Basically, long story short, this position was supposed to open in January. Our client froze the position the day before I was supposed to start. In the meantime, I had been training my replacement for two weeks. I had been promised that my new salary would go into effect on Jan 1. Because of the freeze, corporate had been delaying paying the agreed amount that I had worked. I have emails from supervisors of both sub departments (my old one and my new one) that they would honor the pay and it would be retro to first of year as well from our local HR. She went back and forth with NY HR and suddenly the position opened up last week and I had 3 days to train a different person to do my old job. Coincidentally I find out (tuesday when it again was not on my pay stub) that HQ HR wanted additional paperwork that was submitted by local HR the same day that I was notified that I was transitioning on Monday of this week. All of this I have in emails.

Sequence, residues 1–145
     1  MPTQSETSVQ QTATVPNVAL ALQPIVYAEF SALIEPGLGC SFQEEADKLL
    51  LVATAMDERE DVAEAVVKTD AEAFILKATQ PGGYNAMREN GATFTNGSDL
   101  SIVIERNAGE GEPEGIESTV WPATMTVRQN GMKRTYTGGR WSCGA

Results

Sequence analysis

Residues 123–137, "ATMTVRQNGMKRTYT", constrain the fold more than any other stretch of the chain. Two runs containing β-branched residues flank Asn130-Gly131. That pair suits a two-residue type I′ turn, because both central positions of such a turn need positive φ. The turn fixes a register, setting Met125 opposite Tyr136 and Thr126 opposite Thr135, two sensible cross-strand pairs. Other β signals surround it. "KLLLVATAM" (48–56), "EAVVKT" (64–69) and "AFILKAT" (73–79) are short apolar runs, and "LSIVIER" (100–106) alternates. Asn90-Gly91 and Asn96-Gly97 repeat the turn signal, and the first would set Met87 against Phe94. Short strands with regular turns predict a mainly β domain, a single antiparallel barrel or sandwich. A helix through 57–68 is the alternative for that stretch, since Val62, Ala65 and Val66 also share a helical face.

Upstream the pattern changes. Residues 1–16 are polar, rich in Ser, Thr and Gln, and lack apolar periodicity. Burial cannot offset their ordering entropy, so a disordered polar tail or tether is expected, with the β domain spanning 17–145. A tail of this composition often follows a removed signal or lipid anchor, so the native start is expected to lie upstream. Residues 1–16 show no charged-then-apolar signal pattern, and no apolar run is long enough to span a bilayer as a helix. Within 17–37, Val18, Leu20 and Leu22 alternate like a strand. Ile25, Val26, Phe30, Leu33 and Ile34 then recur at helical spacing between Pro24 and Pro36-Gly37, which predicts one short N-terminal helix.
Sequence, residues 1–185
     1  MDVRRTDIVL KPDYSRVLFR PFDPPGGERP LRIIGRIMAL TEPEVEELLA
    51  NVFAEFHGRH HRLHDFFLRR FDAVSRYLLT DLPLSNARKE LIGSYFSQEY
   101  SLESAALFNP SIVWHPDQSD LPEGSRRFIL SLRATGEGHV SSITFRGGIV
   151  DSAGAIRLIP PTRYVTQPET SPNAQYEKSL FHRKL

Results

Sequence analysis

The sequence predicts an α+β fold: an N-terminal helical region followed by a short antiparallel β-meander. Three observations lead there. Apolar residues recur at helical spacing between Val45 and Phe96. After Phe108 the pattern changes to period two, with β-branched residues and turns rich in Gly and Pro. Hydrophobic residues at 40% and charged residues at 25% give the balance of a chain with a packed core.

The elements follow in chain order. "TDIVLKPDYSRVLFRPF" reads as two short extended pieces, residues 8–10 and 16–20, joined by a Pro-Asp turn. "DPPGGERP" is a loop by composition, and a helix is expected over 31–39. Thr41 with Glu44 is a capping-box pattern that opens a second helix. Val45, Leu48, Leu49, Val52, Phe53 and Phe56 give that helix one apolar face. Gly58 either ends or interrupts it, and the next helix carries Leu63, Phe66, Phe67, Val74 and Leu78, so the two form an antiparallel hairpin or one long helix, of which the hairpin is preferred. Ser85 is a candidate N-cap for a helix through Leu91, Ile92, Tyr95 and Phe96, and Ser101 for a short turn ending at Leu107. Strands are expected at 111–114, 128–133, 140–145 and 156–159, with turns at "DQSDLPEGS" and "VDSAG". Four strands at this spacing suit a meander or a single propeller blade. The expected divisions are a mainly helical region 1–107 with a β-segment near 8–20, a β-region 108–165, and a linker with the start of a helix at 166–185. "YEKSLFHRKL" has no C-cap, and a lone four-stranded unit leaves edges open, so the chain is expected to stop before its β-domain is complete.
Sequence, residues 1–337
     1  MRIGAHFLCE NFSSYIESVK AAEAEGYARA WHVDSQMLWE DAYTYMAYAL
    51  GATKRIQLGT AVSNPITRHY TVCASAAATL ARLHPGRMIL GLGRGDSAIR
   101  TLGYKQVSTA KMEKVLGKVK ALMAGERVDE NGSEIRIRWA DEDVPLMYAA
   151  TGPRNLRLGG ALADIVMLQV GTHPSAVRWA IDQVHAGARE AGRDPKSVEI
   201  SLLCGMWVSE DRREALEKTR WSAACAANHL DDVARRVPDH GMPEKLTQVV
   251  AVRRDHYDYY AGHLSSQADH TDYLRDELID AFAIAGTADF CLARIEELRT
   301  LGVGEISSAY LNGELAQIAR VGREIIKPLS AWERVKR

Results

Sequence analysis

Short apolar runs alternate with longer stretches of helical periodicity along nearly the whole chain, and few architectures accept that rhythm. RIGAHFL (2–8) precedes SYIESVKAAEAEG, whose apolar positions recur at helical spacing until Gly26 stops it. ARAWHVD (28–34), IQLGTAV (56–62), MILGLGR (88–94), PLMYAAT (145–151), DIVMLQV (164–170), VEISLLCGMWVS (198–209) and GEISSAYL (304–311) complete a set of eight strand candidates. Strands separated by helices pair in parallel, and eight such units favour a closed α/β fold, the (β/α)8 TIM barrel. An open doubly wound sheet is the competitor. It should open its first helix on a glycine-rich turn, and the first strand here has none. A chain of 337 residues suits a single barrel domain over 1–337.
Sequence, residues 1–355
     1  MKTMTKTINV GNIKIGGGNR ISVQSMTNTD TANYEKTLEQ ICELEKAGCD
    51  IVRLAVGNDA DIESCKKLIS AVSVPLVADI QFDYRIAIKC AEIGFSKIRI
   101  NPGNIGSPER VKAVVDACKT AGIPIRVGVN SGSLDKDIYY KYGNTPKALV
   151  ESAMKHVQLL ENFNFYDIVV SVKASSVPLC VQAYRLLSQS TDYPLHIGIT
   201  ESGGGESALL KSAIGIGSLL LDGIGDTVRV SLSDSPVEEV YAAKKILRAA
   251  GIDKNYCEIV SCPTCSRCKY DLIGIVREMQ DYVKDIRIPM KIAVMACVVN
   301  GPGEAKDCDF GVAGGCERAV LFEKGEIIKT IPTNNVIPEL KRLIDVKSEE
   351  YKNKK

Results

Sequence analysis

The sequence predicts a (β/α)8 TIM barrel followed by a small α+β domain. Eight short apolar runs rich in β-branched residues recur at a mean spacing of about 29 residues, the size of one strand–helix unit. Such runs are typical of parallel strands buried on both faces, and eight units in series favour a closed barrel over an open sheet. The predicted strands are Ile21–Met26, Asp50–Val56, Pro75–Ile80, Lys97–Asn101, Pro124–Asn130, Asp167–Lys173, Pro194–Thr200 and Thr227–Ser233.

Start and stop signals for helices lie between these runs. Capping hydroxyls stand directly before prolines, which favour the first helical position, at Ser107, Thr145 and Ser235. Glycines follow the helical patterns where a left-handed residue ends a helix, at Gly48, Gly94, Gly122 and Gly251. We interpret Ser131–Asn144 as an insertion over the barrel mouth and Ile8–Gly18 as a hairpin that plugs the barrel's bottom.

My suspicion is that corporate would not sign off on the pay change without the client paying additional and client would not pay if I was not transferred. Basically a pain in rear for HR. Well, if I do not have money to go out, I cannot go out and will have to be let go. So that “fixes” there problem with the client because the client will not have to pay for the employee in the team that they did not want to pay for. The reason that it would be of interest to DOL is because that thing which disqualifies me for the position was disclosed prior to the offering of the job. So if they use that as a reason to terminate rather than making a position on the side of the office that does not have that requirement would be suspicious.

              But hey, that might seem kind of martyr like, might not be that at all. It just feels that way right now.

              1. Orig Poster*

                Acording to FLSA, they would have to pay the salary they agreed to. Their not paying it makes a DOL violation. My being transferred to a position that they knew I did not qualify implies that this is retaliatory so that they could run me off. Retaliatory action for trying to enforce labor law is illegal activity.

              2. fposte*